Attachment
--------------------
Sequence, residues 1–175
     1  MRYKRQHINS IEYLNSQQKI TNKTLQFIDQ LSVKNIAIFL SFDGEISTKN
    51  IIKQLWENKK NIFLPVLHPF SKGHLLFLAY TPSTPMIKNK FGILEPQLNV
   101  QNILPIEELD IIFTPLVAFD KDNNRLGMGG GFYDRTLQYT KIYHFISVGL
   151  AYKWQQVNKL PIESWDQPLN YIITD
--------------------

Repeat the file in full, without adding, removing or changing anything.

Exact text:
Sequence, residues 1–175
     1  MRYKRQHINS IEYLNSQQKI TNKTLQFIDQ LSVKNIAIFL SFDGEISTKN
    51  IIKQLWENKK NIFLPVLHPF SKGHLLFLAY TPSTPMIKNK FGILEPQLNV
   101  QNILPIEELD IIFTPLVAFD KDNNRLGMGG GFYDRTLQYT KIYHFISVGL
   151  AYKWQQVNKL PIESWDQPLN YIITD